Make us your home page
Instagram

Today’s top headlines delivered to you daily.

(View our Privacy Policy)

First Clearwater Film Festival is Sept. 29-Oct. 3

CLEARWATER

People look for all sorts of ways to survive when they lose a job these days: launch a business, move in with family, join the military and so forth.

But start your own film festival?

That's what Clearwater resident Mike Rembis did after his job in the direct-mail business was eliminated. "As soon as I found myself unemployed, I started this film festival and threw all my money into it," said Rembis, 46.

Now, $40,000 later, he is the executive director of the inaugural Clearwater Film Festival, which runs Wednesday through Oct. 3 at a variety of venues. It's dedicated to the talents of the triple-threat filmmaker: one who can act, direct and produce.

The flick fest mimics the format of the larger, established cinematic events with plenty of indie films, parties, a picnic and panels of experts.

Rembis figures he has the expertise to pull it off.

"I've entered 20 film festivals in the past," he said.

He has been active in community theater, produced three small-budget films and written 10 screenplays, although he says none has sold so far.

Seventy-two films are ready for screening (out of 200 submissions from all over the world), and 13 trophies will be awarded.

So grab your party hats and film badges and head into the Hollywood sunset, Clearwater-style.

Badges and tickets

Film fans who really want to fest it up can buy a film badge online before the Monday midnight cutoff. (Festival organizers need time to create the badges.)

All four levels provide unlimited access to educational forums with industry pros. Supporting cast and director badges are also available at the Largo Cultural Center box office.

Supporting Cast: $35 buys four tickets to movie screenings and entrance to the Sunday afternoon picnic at Largo Central Park.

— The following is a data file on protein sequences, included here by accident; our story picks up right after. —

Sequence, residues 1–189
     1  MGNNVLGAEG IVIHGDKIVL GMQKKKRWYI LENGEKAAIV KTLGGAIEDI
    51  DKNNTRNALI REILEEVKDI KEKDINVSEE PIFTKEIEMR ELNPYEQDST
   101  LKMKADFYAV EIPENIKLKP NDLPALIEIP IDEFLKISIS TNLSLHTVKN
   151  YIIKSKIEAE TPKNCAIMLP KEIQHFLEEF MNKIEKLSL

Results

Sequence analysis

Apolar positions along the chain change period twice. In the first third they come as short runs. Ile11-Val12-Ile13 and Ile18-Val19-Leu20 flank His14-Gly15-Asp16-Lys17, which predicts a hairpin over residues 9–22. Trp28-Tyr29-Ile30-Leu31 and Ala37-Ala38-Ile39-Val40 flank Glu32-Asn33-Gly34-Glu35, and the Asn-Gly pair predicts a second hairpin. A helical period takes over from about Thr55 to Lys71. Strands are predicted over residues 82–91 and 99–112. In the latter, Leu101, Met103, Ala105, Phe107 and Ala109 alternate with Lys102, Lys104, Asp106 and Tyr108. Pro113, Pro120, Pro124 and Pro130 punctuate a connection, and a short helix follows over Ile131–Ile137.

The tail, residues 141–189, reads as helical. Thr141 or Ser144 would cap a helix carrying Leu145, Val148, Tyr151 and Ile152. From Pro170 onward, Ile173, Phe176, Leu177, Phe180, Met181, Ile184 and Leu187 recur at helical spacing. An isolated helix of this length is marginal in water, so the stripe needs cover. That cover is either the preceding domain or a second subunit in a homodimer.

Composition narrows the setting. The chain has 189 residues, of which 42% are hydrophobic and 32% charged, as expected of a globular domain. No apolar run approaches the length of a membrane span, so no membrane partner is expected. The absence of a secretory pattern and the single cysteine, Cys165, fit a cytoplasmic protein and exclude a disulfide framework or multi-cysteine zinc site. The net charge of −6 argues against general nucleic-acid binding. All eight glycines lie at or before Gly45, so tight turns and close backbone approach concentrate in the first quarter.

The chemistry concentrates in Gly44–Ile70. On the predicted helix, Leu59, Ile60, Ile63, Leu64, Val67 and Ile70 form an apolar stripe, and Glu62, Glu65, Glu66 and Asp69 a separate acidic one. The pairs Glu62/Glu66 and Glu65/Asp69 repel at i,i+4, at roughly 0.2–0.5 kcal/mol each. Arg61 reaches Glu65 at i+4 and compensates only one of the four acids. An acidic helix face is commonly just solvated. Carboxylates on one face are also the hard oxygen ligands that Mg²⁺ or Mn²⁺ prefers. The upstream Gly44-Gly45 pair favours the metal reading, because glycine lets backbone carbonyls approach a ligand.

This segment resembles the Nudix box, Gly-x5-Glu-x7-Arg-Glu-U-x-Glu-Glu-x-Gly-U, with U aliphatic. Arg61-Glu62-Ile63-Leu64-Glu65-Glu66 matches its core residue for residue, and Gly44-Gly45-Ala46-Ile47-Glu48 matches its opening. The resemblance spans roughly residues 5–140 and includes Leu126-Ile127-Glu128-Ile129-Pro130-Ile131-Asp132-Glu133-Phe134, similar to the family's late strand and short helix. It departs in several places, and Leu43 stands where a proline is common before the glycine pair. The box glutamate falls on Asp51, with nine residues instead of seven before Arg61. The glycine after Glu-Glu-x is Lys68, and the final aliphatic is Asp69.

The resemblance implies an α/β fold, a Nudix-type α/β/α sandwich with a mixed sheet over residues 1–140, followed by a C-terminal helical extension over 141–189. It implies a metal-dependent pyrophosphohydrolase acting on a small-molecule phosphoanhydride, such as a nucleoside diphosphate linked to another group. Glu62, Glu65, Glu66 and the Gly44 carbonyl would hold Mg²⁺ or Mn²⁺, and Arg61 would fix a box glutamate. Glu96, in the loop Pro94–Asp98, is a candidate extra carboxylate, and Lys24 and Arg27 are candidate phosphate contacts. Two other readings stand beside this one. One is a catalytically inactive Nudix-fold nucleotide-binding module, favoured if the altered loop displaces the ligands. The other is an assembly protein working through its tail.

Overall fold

Director: $75 nets six tickets to movie screenings and admission to four Friday night bashes at various locales on Clearwater Beach, all featuring live music.

Associate Producer: For $125, attend Friday night bashes, the Sunday afternoon picnic and have unlimited access to all films. Includes two reserved seating tickets.

Producer: $350 will gain entry into Wednesday's opening night gala, the Friday parties, the Saturday awards luncheon and Sunday picnic. Producers receive an all-access pass and three reserved-seat tickets.

Also, single tickets to films can be purchased online for $10 each before the Monday midnight deadline. If they are not sold out, they will be available at the door.

The venues

Film screenings are at Clearwater Cinema Cafe, the Capitol Theatre and Largo Cultural Center.

The flicks

More than 30 screeners scored films and selected 72. The longer ones will be shown individually and some of the shorter versions have been combined for a total of 40 screenings, each between 1 and 21/2 hours long.

Categories include short, feature, documentary and animation. Those chosen come from Florida and elsewhere in the United States, as well as Spain, Australia, Italy, China, New Zealand and Argentina.

"What surprised us was the number of films dealing with the issue of battered women," Rembis said. "Thirty of the 200 films submitted dealt with that topic."

Other themes explore China's emergence as a global superpower, our dependence on foreign oil and the mountain people of Appalachia.

Social issues dominate.

In Walking with Life: the Birth of a Human Rights Movement in Africa, director Kenny Mann focuses on how human rights education is helping end traditions like forced early marriage and female circumcision.

Absent is a documentary by Justin Hunt that unveils how a father's absence can affect not only his children and community, but society itself.

Mickey Newman's Night People is about a man who, locked out of his apartment one evening, encounters the homeless, prostitutes and other street drifters.

Lighter topics also made the cut.

Director Diane Mason searches for the truth of her family legend. Did her ancestors really bring the bullfrog to Kentucky?

Dunedinites may enjoy The Silent Realm, a journey into villages to find Scotland's famous stones of strength that mark the passage from youth to manhood.